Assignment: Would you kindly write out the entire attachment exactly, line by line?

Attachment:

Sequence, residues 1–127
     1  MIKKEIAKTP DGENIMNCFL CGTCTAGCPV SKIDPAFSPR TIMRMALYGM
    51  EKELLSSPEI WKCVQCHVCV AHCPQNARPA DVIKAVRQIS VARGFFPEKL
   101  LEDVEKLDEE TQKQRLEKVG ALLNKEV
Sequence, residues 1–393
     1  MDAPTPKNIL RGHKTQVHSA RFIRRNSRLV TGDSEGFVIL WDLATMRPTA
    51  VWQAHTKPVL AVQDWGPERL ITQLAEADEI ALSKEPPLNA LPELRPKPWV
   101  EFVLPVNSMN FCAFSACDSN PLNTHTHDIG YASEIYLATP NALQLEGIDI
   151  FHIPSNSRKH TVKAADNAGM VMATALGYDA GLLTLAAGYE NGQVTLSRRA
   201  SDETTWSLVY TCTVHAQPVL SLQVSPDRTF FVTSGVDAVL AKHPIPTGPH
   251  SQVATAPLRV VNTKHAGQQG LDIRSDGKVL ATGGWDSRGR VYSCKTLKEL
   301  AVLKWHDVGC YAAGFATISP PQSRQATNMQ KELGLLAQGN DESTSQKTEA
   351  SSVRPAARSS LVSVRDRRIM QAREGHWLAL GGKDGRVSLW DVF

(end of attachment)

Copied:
Sequence, residues 1–127
     1  MIKKEIAKTP DGENIMNCFL CGTCTAGCPV SKIDPAFSPR TIMRMALYGM
    51  EKELLSSPEI WKCVQCHVCV AHCPQNARPA DVIKAVRQIS VARGFFPEKL
   101  LEDVEKLDEE TQKQRLEKVG ALLNKEV
Sequence, residues 1–393
     1  MDAPTPKNIL RGHKTQVHSA RFIRRNSRLV TGDSEGFVIL WDLATMRPTA
    51  VWQAHTKPVL AVQDWGPERL ITQLAEADEI ALSKEPPLNA LPELRPKPWV
   101  EFVLPVNSMN FCAFSACDSN PLNTHTHDIG YASEIYLATP NALQLEGIDI
   151  FHIPSNSRKH TVKAADNAGM VMATALGYDA GLLTLAAGYE NGQVTLSRRA
   201  SDETTWSLVY TCTVHAQPVL SLQVSPDRTF FVTSGVDAVL AKHPIPTGPH
   251  SQVATAPLRV VNTKHAGQQG LDIRSDGKVL ATGGWDSRGR VYSCKTLKEL
   301  AVLKWHDVGC YAAGFATISP PQSRQATNMQ KELGLLAQGN DESTSQKTEA
   351  SSVRPAARSS LVSVRDRRIM QAREGHWLAL GGKDGRVSLW DVF